ST. CUTHBERT’S WAY – THE CHEVIOTS Part 2.

                                                             Kirknewton – Wooler.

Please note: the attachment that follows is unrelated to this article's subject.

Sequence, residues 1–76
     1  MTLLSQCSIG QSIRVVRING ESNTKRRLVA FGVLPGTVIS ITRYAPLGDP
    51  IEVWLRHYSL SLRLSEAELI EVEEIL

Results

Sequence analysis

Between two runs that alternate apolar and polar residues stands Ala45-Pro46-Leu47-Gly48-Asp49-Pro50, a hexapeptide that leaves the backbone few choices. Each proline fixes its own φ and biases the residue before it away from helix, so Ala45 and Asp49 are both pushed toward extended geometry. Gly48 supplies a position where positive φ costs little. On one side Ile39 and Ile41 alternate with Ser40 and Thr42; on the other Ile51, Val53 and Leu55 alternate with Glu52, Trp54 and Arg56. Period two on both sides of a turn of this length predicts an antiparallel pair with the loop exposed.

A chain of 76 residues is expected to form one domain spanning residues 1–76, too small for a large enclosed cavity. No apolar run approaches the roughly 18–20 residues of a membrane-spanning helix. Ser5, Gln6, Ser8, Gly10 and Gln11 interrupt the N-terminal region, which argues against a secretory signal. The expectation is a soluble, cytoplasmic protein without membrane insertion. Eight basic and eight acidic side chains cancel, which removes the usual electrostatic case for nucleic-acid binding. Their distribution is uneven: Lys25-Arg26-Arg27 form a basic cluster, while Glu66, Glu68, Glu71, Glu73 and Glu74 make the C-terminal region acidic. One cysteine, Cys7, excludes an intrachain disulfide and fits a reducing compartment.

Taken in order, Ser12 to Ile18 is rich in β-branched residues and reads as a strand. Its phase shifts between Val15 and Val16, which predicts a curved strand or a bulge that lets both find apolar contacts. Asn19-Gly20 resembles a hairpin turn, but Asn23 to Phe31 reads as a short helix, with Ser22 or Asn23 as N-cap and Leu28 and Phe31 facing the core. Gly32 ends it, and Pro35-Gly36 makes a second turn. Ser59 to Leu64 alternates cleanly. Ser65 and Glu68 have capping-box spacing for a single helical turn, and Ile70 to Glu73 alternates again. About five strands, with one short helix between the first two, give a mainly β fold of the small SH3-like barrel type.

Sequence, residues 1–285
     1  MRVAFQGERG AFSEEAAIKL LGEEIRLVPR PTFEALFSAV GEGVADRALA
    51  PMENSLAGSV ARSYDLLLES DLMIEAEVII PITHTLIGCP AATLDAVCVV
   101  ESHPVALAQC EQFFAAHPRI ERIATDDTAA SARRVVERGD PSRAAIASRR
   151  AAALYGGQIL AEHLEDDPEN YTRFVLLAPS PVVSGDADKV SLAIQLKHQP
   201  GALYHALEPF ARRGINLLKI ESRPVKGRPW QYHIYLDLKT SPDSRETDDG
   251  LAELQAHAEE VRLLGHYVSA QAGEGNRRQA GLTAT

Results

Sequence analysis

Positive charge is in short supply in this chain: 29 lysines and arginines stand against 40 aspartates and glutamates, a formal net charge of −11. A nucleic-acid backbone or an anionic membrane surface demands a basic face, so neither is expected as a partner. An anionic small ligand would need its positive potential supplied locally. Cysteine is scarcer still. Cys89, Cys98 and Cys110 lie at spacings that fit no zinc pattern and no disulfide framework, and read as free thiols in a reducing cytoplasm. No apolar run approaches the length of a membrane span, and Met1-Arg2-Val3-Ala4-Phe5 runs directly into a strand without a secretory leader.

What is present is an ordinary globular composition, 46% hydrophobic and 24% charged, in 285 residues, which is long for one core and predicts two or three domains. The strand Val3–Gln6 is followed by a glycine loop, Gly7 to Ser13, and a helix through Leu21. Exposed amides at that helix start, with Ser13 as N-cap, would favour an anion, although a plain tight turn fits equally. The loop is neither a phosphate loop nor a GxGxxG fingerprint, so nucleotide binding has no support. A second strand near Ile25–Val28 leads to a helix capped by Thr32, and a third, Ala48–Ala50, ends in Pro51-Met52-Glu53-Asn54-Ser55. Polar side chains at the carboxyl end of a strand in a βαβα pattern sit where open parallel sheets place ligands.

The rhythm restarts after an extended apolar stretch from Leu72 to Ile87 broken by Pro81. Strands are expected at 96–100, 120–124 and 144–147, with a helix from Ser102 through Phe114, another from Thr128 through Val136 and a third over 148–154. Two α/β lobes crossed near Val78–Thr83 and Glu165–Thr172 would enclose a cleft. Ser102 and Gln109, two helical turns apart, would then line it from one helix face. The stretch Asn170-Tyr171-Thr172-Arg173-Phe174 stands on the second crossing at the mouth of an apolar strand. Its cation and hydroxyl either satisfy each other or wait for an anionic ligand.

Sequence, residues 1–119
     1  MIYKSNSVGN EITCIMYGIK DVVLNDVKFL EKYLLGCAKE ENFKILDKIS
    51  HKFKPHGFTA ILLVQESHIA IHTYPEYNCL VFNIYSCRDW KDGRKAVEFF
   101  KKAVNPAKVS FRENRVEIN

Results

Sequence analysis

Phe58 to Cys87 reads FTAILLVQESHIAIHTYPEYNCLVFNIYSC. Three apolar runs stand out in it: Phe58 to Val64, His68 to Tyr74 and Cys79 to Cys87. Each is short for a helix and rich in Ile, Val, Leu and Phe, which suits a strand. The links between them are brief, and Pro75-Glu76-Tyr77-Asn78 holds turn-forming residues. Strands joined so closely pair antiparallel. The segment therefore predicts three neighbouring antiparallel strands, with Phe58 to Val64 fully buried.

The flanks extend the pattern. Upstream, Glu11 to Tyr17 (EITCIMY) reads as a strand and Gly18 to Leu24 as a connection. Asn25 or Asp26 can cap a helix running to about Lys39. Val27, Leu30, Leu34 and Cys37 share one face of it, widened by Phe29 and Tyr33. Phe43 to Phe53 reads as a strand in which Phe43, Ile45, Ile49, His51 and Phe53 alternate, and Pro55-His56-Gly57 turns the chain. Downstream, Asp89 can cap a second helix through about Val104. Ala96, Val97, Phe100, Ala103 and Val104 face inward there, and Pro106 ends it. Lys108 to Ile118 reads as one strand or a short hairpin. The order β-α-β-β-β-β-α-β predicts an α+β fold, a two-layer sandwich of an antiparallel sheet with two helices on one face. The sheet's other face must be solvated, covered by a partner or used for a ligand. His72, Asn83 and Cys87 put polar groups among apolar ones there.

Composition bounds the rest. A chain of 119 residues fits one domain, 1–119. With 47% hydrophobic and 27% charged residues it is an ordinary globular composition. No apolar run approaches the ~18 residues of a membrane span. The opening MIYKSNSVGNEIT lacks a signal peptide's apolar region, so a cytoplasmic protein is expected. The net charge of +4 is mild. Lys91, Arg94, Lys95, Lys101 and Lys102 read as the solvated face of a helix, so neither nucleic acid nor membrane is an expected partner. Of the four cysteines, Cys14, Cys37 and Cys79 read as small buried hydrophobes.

The return up the lane to rejoin our route seemed easy this morning – in our hostess’s car!  She told us to look out for feral goats on the slopes of Yeavering Bell as we passed by, we saw none but there was a buzzard above and a kestrel hovering. The hilltop of Yeavering Bell, 361m, is encircled by a pre-historic stone wall clearly visible from a distance. The remains of many stone huts are to be found inside the hillfort. Shame we didn’t have the time or energy to visit. We reached the col between Yeavering Bell and Hare Law relatively easily and the visibility was good. At some point we must have entered The Northumberland National Park as new signs appeared depicting the elegant, and in these parts boisterous, Curlew.Open moorland walking was a delight today though at times boggy. We made the small diversion up to the trig point of Gains Law 319m for a snack stop and a chance to survey the Cheviots. The Cheviot summit at 815m seemed to overshadow everything else. Nearly every hill in the vicinity seemed to have a hillfort. Also In this area of moorland are some impressive examples of glacial meltwater channels. Soon the town of Wooler was spread out below us but it took some time to reach. We dropped into woodland and a country park on the edge of the town but then the way took us up in an arc into more forest before eventually following lanes to the main street of Wooler, a traditional market town. A welcome cafe on the corner of the High Street was our first point of call, The Terrace Cafe. Our B&B in the High Street was previously a bank with the manager’s living quarters above – lovely large rooms. A curry and some local beer were consumed.

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